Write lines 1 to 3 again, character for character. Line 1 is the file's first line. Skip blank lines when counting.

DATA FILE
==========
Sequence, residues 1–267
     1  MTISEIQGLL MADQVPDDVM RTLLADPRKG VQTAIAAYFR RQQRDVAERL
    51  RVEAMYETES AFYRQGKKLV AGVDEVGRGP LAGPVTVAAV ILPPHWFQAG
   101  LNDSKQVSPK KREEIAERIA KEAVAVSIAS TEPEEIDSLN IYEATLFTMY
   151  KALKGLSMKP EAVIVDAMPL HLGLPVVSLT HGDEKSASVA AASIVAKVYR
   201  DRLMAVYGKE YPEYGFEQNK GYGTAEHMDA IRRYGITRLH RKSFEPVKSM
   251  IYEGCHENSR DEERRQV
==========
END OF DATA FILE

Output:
Sequence, residues 1–267
     1  MTISEIQGLL MADQVPDDVM RTLLADPRKG VQTAIAAYFR RQQRDVAERL
    51  RVEAMYETES AFYRQGKKLV AGVDEVGRGP LAGPVTVAAV ILPPHWFQAG